Good morning. This is Doug Chabot with the Gallatin National Forest Avalanche Forecast on Wednesday, February 9th, at 6:45 a.m. This information is sponsored by Blitz Motorsports and Yamaha and onX. This forecast does not apply to operating ski areas.
On Sunday, one snowmobiler in a group of four was caught and killed in a small avalanche on Ski Hill at the south end of Lionhead Ridge. I responded to the accident with Gallatin County Sheriff SAR and returned the next day to investigate the snowpack. We made a video explaining the event and will post a detailed report very soon. We also uploaded more pictures from our field investigation to the Avalanche Incidents page.
This morning there is no new snow. Under cloudy skies mountain temperatures are near 20F with west to northwest wind averaging 10-20 mph and gusting to 35 mph. The Bridger Range is windier with gusts hitting 50 mph. Scattered snowfall will begin later this morning and continue into tonight. Wind will remain a similar speed and mountain temperatures will rise to near freezing. By tomorrow morning the mountains will have 1-2” of snow.
Alex has been in Cooke City since Sunday after 12-14” fell; lucky boy. He and others noted natural and human triggered avalanches under the new snow where a thick layer (6+”) of weak snow (facets and surface hoar) continues to show signs of instability. Our Avalanche Activity List documents 9 events in one week. Yesterday, as Alex skied, he witnessed shooting cracks, a whumpf and another day of propagating test scores in his snowpits. His latest video is an instructive show-and-tell of avalanche concerns.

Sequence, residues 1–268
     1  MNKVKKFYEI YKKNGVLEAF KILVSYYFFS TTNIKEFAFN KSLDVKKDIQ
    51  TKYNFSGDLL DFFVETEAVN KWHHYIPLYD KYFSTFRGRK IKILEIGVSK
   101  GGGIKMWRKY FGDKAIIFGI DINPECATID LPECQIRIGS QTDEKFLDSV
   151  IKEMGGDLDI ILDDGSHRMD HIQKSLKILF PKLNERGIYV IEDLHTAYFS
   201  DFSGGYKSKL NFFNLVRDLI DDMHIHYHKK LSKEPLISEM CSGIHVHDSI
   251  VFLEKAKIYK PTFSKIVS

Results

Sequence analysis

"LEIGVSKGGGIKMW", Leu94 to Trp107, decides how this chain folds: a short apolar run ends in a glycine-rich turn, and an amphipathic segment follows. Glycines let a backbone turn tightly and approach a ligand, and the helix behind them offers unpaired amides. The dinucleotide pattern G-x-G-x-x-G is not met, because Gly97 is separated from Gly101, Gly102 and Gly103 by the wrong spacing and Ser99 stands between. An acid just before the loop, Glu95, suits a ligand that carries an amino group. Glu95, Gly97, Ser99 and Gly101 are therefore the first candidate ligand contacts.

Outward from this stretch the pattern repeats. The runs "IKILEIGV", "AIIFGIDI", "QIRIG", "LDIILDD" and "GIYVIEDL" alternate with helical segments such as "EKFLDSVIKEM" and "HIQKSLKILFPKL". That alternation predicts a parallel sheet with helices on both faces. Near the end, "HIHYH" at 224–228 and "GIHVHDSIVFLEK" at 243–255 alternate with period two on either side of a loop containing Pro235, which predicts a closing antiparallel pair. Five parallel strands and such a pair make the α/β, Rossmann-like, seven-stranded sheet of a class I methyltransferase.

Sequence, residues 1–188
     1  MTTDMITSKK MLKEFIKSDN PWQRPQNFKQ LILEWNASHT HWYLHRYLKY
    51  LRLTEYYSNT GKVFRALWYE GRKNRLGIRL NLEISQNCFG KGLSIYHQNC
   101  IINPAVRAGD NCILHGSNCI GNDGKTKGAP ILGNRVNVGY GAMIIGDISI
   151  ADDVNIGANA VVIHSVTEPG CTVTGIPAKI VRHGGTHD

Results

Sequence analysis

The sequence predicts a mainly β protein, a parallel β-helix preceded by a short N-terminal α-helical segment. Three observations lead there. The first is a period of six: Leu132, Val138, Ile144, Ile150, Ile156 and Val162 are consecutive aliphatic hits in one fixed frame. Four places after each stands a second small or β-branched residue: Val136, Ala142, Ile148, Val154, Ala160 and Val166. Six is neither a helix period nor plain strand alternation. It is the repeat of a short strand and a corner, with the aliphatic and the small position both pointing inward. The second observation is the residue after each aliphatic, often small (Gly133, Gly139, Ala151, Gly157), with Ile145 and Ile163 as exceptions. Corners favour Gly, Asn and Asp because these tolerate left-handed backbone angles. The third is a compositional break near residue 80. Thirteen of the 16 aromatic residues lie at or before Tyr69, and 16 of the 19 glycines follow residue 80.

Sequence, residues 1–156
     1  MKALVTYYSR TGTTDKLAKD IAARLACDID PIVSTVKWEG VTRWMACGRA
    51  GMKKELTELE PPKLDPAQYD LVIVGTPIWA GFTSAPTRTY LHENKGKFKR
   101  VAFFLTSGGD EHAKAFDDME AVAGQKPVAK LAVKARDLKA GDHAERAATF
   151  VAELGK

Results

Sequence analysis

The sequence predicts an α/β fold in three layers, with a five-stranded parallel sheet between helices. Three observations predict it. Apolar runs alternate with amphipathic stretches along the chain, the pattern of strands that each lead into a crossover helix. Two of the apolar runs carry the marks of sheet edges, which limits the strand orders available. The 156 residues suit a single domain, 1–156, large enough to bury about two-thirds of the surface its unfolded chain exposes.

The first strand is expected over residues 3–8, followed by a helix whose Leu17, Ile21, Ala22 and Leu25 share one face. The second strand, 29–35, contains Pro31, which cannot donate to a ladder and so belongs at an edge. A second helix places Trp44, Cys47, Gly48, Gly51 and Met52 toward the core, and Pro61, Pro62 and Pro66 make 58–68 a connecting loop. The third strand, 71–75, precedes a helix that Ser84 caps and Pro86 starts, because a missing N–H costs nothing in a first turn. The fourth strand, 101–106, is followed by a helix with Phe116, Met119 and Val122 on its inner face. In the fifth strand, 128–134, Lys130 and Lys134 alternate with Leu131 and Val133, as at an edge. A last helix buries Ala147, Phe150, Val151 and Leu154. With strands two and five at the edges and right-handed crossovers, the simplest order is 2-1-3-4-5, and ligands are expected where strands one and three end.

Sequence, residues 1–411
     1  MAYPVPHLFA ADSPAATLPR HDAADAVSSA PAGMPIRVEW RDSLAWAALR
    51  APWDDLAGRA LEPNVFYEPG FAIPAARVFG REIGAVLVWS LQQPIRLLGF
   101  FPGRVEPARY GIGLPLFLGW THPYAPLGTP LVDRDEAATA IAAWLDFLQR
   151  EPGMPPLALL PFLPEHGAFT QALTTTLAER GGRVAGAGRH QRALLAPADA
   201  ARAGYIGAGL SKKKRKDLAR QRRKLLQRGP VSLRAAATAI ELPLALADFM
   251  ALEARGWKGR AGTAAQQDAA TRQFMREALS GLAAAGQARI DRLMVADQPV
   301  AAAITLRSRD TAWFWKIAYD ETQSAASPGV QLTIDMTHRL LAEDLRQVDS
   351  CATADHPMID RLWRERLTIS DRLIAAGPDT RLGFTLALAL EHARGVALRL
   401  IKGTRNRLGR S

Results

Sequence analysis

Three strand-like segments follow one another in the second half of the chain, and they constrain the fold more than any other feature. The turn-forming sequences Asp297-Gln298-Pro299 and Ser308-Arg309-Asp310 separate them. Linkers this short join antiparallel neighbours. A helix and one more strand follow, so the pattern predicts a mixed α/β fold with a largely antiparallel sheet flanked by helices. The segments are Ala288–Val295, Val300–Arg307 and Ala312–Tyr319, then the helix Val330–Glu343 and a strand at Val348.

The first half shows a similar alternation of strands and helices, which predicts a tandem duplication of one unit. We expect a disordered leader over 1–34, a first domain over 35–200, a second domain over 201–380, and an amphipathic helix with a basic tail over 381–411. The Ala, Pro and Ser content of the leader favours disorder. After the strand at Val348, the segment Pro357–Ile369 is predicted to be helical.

Before Friday and Saturday’s storm, stability was good and people were feeling comfortable getting into serious avalanche terrain. Today, not so much. Avalanches are possible on the same slopes that were stable a week ago. We have a significant weak layer that has 1.5 feet of snow on top of it. Any slope that has a wind-load will be especially worrisome. Change objectives and stay clear of avalanche terrain at the first sign of instability, like Alex did yesterday. The weak layer is not going away and slopes still need time to adjust to the added weight of the weekend’s snow. For today, the avalanche danger is rated MODERATE on all slopes.
The snowpack from the Bridger Range to West Yellowstone is generally stable. Most slopes have weak, sugary snow (and/or feathery surface hoar crystals) buried 18” under the surface. Without the weight of new snow this layer will remain dormant, but there are a few exceptions. Sprinkled throughout the forecast area are small, unstable slopes from wind drifting. Thicker, meatier drifts of snow could break on this weak layer. This is what occurred in Lionhead on Sunday. A snowmobiler triggered a small, shallow and very steep wind-loaded slope that carried him into trees and buried him (details). Even in a sea of stability there are a few shoals of danger lurking. There always are. A telltale sign of instability associated with wind-loading are cracks shooting out from skis or a sled. For today, given the lack of new snow and overall stability, avalanches are unlikely and the danger is rated LOW.
Upcoming Education Opportunities
See our education calendar for an up-to-date list of all local classes. Here are a few select upcoming
TOMORROW, February 10th, Forecaster Chat at Uphill Pursuits, “Beyond the Beacon”, 6:30 p.m., with GNFAC forecaster Dave Zinn.
February 11-12, Avalanche Fundamentals + Field Day in ENNIS is perfect as a refresher or an introduction to avalanches. We are introducing a new format with four pre-recorded lectures to watch at your convenience, a live question and answer session, and an in-person field day. Pre-register HERE.
Every Saturday near Cooke City, 10 a.m.-3 p.m. FREE snowpack update and transceiver/rescue training. Stop by for 20 minutes or more at the Round Lake Warming Hut.
On Sunday, one snowmobiler in a group of four was caught and killed in a small avalanche on Ski Hill at the south end of Lionhead Ridge. We made a video explaining the event and will post a detailed report very soon. We also uploaded more pictures from our investigation to the Avalanche Incidents page.